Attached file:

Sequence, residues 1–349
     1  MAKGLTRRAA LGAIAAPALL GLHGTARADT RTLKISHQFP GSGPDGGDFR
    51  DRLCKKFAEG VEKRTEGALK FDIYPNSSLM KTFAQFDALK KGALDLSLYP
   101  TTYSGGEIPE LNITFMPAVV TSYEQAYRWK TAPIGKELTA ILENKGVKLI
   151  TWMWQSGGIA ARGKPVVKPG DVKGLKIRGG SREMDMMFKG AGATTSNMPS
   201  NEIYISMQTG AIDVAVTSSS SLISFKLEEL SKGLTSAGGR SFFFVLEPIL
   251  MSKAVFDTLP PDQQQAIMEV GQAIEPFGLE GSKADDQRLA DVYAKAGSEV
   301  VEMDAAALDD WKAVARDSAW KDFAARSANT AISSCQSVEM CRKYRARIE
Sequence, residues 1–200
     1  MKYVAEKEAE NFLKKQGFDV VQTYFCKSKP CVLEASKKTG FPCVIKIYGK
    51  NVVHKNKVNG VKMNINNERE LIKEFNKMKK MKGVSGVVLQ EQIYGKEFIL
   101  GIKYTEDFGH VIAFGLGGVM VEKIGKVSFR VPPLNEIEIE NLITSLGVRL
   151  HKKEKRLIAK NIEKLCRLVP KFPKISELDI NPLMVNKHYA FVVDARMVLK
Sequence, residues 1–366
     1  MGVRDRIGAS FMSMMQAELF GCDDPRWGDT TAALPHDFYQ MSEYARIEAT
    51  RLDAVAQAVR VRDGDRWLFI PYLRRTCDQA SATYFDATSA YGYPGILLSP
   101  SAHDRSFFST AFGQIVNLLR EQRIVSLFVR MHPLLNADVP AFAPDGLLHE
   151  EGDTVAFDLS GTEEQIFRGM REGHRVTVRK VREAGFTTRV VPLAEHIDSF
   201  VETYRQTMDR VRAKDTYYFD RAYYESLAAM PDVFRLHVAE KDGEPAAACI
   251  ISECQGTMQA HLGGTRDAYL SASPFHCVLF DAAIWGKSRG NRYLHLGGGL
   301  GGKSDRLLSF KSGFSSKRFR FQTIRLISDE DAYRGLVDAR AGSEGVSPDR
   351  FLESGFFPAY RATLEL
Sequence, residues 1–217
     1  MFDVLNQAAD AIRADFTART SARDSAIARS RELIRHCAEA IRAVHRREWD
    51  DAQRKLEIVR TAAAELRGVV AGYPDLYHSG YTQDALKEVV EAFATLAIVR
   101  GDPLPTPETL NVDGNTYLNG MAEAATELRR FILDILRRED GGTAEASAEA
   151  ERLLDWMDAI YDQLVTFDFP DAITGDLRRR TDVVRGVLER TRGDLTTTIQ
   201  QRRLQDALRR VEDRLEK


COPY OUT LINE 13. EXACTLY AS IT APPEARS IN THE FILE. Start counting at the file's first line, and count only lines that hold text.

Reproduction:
   151  HKKEKRLIAK NIEKLCRLVP KFPKISELDI NPLMVNKHYA FVVDARMVLK